“Why do women let themselves be taken advantage of?” he asked, as he took another swig of beer.
My friend was pissed. He’d been dating a girl who was beautiful, smart, ambitious, and kind. And she was stuck on a guy who “wasn’t ready for a relationship”.
I sympathized with him because I, too, have been the girl who fell for the okie doke. But, true to Adri form, I decided to play devil’s advocate.
“Well she told you from jump that she was involved with someone and you decided to pursue it.”
“She’s not involved. She’s getting played.”
And that settled it.
I’ve been hesitant to write this piece because relationship readiness is a valid concern, and I wanted to be sure that I addressed its nuances while also calling out the BS.
So let’s start with the basics. What is considered being “ready” to be in a relationship?
The Adri Definition: Being ready for a relationship means being in an emotional, personal, financial, and mental space where the individual is prepared to share and accommodate the emotional, personal, financial, and mental space and needs of a specific person.
Some of you may bristle at my inclusion of financial or mental space. Well..
There are many instances that can prevent someone from being ready for a healthy relationship, and that would take me years to unpack. So I’m going to focus on the case where someone is ready – they’re just not ready to be with YOU.
How many times have you or someone you know gotten a few texts like this? Here he is, a guy who seems nice but is in a rough spot because has has a lot going on personally. He’s being honest about his feelings towards this woman and is making it known that he wants to continue to be with her while he works on getting himself together.
No harm, right?
There is a difference between not being in a place to be the kind of boyfriend and partner he knows he can be and simply not giving a F about the person he’s helping to string along. I say help because it takes two to string: one to pull the rope and one to be dragged.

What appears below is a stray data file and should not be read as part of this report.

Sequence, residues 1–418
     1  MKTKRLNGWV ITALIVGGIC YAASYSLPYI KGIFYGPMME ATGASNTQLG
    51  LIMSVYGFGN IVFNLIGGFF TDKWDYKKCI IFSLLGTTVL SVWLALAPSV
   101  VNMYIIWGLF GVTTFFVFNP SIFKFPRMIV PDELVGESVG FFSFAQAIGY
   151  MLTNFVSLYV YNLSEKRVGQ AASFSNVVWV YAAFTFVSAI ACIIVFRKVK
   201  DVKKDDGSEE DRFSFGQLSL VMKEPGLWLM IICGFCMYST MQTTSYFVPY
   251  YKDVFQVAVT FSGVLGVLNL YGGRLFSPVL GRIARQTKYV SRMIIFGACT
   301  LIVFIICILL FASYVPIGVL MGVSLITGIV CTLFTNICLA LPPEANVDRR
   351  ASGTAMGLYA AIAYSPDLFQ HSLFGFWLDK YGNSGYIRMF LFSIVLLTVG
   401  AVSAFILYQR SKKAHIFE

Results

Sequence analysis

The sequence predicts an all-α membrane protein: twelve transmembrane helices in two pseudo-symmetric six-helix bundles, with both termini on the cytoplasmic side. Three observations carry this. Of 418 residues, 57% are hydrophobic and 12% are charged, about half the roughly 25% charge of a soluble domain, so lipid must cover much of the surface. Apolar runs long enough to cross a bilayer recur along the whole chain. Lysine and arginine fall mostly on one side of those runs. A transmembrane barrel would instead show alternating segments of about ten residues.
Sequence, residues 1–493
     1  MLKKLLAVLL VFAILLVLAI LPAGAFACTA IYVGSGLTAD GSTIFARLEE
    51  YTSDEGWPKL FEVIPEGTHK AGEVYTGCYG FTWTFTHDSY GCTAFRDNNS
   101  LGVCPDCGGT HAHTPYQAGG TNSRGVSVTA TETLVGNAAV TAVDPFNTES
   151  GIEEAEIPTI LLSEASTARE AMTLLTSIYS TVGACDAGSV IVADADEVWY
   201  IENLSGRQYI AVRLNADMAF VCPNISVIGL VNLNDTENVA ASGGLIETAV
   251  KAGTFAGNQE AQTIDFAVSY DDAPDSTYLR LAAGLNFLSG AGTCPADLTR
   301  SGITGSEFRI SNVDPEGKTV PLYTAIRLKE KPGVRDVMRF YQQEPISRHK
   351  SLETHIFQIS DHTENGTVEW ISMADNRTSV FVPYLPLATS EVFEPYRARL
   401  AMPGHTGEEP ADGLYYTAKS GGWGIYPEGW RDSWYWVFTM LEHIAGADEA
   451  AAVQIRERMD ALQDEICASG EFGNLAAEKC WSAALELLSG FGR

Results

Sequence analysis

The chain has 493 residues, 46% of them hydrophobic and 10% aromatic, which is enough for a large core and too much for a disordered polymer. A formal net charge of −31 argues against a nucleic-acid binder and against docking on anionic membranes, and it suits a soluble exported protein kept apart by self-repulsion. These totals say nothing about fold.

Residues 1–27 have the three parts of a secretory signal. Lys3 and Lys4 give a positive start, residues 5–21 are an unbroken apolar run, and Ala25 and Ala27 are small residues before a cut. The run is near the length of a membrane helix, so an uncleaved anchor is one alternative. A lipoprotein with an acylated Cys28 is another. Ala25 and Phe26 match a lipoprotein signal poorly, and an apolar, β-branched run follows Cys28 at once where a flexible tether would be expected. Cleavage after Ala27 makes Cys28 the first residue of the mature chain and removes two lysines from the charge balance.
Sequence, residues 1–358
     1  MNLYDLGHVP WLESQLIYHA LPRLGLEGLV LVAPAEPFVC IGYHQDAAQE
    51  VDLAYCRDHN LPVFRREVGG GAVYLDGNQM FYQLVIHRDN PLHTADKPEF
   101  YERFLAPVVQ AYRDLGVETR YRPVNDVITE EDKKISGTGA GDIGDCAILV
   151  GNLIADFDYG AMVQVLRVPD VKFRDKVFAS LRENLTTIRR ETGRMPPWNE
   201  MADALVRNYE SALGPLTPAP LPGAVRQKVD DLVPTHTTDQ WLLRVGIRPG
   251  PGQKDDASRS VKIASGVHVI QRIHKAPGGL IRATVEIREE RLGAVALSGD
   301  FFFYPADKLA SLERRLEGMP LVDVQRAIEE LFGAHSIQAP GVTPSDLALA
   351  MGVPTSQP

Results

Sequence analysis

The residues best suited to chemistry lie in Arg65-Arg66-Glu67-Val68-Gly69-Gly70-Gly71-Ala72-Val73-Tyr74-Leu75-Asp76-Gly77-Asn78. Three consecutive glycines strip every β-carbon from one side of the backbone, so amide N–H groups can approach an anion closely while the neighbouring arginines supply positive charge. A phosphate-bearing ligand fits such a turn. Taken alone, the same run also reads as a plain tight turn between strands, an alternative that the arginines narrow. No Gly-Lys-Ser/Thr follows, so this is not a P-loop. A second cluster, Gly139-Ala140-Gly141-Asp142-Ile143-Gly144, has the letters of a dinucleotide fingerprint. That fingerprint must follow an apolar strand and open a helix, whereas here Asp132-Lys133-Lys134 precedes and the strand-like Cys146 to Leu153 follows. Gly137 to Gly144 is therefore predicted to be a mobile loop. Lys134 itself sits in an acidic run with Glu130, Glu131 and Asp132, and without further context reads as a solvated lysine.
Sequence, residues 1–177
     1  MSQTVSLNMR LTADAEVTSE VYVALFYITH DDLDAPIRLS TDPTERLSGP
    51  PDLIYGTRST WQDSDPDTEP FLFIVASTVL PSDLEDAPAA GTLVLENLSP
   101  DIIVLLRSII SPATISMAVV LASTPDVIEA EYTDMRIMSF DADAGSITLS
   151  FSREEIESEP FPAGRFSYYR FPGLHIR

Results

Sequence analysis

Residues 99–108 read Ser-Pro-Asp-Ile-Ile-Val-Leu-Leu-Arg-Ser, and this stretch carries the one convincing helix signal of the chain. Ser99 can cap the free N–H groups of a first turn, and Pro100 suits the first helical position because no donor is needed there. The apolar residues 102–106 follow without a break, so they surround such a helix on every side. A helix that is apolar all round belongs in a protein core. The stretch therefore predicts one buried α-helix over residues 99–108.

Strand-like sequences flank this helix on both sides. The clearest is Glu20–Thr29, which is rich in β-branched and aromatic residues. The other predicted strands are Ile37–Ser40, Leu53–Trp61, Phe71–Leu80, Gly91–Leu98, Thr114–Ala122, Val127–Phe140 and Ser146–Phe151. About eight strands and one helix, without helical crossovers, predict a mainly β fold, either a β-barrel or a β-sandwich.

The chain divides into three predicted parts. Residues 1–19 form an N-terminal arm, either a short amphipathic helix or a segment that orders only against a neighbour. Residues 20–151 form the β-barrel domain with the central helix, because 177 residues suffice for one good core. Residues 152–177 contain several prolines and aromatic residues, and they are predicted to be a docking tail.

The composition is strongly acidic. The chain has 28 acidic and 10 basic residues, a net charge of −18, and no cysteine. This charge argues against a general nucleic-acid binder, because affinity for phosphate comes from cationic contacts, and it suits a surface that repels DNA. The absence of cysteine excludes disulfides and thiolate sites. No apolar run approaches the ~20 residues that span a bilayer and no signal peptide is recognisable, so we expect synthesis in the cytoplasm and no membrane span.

Just because a man enjoys going out with you, sleeping with you, and flirting with you, it does not make you any more relationship-eligible than someone else. If you’re such a great person and any man would be lucky to have you, then why hasn’t he made himself that man?
If you’re good enough to go out to eat with, lay in bed with, and attend parties with, why aren’t you good enough to be committed to?
A relationship is not like signing a deed to a house, a marriage certificate, or any other legally binding contract. It is simply an agreement to be with a person and only that person (unless you’re poly) while continuing to grow as individuals and as a couple.
If the man in your life is open to doing everything but calling you his girlfriend, you may want to take a step back and assess the situation. You do not have to work for a man’s attention. You do not have to beg. This is not Grey’s Anatomy and you are not pleading to be “chose”.
Here’s the secret that men don’t want you to know: If he’s not ready, he’ll get ready. And if he doesn’t, or hits you with intermittent bouts of “we’re better off without a title” then you know what the deal is.
Anything less? Put him back on the bench or cancel him altogether.
Peace & Love,